We took the boys to see the U.S. Women’s National Soccer team play Korea.  We got our tickets early and had great seats at midfield about 4 rows back.  Playing at the University of Richmond stadium meant that any seat was close enough to hear the chatter, almost feel the ball contact and see the action close up.  The boys were pretty enthused to see the team after they realized these were the same players they saw a few months ago on TV playing in the Olympics.

One of the things that I find amazing about professional soccer players, and of course these were among the best in the world, is their composure.  Their confidence.  They are able to skillfully manuever the ball and remain calm with defenders only a few feet away from them.  That ability is what makes them professionals, what makes them great at what they do.

Take Shannon Boxx.  She controls the midfield.  She seems to always be in control of the team on the field.  She is able to stand with the ball at her feet, look around for the best option, the best recipient of her pass, all the while being challenged by the opposing team swarming around her, the chaos.  Through her confidence in her abilities, she is able to do more for her team.

I tried to think to something where I have been able to show similar confidence.  I have played sports nearly all my life but can’t say that I have ever been good enough to display that level of confidence.  More about that on the next DaddyCast when I dig into this topic.

But I did think about my A+ Certification.  Several years ago I trained for the A+ Certification and accomplished becoming certified for computer repair.  I admit that through the training I did learn many things- primarily about older technology and a wide array of peripherals and problems.  But all in all, the main thing I gained was confidence.  Confidence in what I was doing but more importantly, confidence that if something went wrong, I could handle it.  It gave me a freedom to do and try various things with confidence that I could recover if something went awry.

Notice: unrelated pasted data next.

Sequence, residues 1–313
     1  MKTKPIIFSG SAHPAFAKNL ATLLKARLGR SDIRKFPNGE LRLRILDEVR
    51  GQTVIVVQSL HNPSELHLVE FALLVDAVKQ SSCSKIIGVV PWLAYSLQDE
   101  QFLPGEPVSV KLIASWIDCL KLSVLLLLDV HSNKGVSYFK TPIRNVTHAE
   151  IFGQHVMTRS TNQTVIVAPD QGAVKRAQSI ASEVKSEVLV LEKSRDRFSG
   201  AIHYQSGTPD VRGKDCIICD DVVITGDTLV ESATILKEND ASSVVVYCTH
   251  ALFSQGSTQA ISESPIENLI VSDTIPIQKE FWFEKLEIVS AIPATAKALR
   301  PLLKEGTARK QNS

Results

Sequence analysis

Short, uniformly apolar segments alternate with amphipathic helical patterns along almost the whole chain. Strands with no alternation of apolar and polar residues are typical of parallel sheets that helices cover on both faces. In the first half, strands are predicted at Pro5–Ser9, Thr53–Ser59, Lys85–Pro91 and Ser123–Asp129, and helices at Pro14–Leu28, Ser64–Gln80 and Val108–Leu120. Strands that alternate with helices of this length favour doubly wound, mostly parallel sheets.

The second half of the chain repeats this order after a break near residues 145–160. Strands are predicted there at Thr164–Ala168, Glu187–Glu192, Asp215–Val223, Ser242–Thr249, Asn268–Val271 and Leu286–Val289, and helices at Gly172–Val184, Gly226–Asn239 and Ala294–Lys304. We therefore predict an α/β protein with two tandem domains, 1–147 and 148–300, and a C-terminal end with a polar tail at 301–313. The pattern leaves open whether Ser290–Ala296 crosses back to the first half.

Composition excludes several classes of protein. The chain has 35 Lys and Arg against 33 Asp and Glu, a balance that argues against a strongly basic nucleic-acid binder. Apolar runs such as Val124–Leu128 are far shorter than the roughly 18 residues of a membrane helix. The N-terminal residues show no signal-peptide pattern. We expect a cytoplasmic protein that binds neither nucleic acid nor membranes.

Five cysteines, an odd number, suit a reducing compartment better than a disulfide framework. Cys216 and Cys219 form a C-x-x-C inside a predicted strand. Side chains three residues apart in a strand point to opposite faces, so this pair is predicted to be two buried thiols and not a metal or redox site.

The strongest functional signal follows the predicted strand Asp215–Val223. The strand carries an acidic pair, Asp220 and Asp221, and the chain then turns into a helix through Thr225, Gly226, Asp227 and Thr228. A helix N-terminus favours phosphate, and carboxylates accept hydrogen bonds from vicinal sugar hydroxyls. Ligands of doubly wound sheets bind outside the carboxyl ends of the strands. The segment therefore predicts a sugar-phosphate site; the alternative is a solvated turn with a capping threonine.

I think Boxx and the Women’s National Team have that same confidence.  They know that they have the skills and that their teammates have the abilities to try to go beyond the safety zone.  To try to push the limits.  If something goes wrong, they can recover.  They have trained for situations, they have experience by playing game after game, they have seen many situations, scenarios, opportunities.  They can recover.

This line of thinking also made me think of Tae Kwon Do.  This past weekend our school held their annual tournament.  In talking to one of my friends whose son was participating in the sparring competition, he stated he urged his son to compete so his son could gain some experience. I took this to heart- especially since this friend taught Martial Arts previously himself.

Also, in the weeks approaching the tournament, we did a lot of sparring in class and I realized that by doing it more and more I began to recognize opportunities for counter attacks and blocking that I should use the next time.  In other words, I gained some experience.  And, experience will seed confidence.

So, how does all of this apply to parenting?  Well, I think as we learn more, as we share experiences, read books, read blog posts, listen to podcasts- it all adds to our experience.  Experience doesn’t always have to come from personal experience, you can learn from other’s experiences.  And, knowing more, knowing what to do in a wider array of situations, scenarios, with a variety of problems- that knowing will add to your confidence.  And with confidence, even among the chaos of being challenged by the opposition (not that the kids are on the other team, but the opposition may be stress or challenges on your time, etc.) you can make good decisions, keep your head clear and looking for the best option.  And if things go wrong, you can recover.

So gaining experience, anyway, anyhow, is important if for no other reason than in builds confidence.  And with confidence you can face challenges with more composure, you can be calm among the chaos, you can control the midfield.  And, if things go wrong, you can have a better change of recovering.  And with the confidence in your ability to recover, you can push the limits, try new things, live more fully.

More on this on the next show.  Also, I’ll take this topic in a different direction, how to build confidence in kids.  As always, if you have comments please let me know- DaddyCast@gmail.com or (804) SOS-LATE.